As light novels grew in popularity, more of them were slowly brought to animation. Much of what got animated in the early 2000s was popular sci-fi and fantasy novels more in the vein of Slayers from the late 90s, such as Full Metal Panic, Scrapped Princess, Starship Operators, The Twelve Kingdoms, and Kyo Kara Maou. Also, unrelated to the trends which I’ve talked about or will continue to talk about, there emerged a steady stream of romance stories, often focused on lesbian romance, with series such as Maria-sama ga Miteru and Strawberry Panic, both of which were adapted into anime in the mid-2000s. There also emerged a number of series which were more like manga stories that just happened to be written as novels, such as Shakugan no Shana, which started in 2002 and was adapted into several seasons of anime starting in 2005, Zero no Tsukaima, which started in 2004 and was adapted into several seasons of anime starting in 2006, and To Aru Majutsu no Index, which started in 2004 and was adapted into several seasons of anime starting in 2008.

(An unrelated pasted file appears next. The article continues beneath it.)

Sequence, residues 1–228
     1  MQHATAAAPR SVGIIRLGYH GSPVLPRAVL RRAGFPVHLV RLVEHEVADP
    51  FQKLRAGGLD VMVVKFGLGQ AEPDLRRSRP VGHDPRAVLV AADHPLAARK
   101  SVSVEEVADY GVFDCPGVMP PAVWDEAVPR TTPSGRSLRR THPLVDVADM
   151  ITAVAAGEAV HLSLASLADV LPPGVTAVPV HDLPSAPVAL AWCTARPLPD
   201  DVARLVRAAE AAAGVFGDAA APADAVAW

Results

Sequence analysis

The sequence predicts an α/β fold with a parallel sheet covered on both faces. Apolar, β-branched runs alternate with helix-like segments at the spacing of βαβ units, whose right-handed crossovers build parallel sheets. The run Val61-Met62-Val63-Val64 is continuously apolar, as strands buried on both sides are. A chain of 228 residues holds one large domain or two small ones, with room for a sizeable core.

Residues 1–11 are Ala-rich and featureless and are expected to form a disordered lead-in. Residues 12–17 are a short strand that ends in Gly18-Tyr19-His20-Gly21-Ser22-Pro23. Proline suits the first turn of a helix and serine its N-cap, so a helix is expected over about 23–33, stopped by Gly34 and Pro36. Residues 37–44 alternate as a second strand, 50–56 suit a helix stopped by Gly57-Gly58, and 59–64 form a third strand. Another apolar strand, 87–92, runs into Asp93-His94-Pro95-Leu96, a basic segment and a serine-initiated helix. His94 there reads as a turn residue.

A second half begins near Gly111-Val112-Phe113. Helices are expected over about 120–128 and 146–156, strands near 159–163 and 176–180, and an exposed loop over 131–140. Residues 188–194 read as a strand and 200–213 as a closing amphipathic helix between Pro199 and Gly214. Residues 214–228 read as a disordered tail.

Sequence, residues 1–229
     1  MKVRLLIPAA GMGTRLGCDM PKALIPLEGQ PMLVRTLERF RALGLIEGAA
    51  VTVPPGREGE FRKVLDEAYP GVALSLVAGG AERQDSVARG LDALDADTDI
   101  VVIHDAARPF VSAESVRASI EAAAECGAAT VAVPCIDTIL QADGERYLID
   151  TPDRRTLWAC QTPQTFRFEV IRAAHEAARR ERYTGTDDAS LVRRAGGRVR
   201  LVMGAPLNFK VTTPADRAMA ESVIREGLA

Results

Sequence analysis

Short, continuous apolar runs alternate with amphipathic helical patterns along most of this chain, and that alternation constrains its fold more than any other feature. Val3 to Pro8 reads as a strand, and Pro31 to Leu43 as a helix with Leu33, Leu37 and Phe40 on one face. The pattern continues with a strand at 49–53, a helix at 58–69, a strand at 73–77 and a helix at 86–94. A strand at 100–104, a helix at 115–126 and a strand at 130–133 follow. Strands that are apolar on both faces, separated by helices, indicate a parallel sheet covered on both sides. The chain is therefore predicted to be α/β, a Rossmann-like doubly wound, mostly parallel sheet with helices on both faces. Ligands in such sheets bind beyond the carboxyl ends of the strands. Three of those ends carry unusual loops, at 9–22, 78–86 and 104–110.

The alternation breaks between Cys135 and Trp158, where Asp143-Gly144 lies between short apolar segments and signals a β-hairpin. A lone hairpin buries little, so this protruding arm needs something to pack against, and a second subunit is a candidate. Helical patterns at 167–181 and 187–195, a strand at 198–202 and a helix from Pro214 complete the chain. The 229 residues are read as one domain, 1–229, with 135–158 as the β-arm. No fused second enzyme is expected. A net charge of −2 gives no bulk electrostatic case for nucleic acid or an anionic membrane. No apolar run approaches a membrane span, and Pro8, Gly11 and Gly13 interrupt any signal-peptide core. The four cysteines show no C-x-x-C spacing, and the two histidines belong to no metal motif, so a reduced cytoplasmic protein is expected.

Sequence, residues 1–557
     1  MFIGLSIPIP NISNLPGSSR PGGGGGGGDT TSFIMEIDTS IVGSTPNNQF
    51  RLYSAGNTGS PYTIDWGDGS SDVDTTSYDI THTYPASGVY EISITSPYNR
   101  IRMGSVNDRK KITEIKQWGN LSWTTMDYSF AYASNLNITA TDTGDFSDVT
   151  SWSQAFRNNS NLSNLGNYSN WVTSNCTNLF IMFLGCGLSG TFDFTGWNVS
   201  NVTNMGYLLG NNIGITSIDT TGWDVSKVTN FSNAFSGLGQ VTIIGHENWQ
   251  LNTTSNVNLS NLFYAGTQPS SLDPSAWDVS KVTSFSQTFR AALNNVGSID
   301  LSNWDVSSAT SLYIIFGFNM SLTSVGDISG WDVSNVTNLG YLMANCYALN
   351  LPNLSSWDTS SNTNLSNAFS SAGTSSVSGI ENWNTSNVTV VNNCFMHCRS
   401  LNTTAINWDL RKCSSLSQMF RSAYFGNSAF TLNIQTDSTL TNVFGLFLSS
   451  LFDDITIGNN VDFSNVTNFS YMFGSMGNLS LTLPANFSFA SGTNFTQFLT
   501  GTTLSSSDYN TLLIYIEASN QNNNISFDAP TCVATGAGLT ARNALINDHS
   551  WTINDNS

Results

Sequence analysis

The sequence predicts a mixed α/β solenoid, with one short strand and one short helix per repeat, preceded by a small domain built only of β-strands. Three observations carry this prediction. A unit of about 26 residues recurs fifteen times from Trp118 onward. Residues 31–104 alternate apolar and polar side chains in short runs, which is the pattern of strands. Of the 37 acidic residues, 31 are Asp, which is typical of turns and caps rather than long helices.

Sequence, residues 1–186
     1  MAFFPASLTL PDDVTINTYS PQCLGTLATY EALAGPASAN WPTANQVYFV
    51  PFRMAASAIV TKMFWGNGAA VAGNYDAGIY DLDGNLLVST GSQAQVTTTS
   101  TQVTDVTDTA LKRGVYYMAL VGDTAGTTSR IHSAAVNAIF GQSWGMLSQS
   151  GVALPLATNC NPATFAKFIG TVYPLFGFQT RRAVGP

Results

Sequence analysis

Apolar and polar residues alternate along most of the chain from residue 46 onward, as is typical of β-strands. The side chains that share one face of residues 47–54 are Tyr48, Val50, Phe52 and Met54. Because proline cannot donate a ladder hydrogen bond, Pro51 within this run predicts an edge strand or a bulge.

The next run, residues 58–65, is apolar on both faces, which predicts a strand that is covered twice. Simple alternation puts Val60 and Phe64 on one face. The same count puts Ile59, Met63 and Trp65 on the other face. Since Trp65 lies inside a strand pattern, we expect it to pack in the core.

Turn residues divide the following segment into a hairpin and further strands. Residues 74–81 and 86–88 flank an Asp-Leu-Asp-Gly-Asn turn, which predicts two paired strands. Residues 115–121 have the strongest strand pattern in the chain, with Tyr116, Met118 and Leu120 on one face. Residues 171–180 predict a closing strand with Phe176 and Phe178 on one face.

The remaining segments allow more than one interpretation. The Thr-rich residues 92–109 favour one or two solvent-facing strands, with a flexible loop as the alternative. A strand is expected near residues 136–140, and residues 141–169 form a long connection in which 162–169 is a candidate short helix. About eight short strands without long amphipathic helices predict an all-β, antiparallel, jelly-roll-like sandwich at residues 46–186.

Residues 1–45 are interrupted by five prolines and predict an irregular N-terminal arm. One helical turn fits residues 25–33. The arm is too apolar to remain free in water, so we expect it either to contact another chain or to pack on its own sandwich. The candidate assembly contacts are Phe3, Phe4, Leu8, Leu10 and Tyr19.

However, the moment when light novel trends began to shift and truly mold into what we see today started in the mid-2000s, as light novel adaptations became more and more frequent. It all begins with yet another light novel series that began in 2003, but which became much more significant when it was adapted into animation in 2006. I’m talking, of course, about the Melancholy of Haruhi Suzumiya.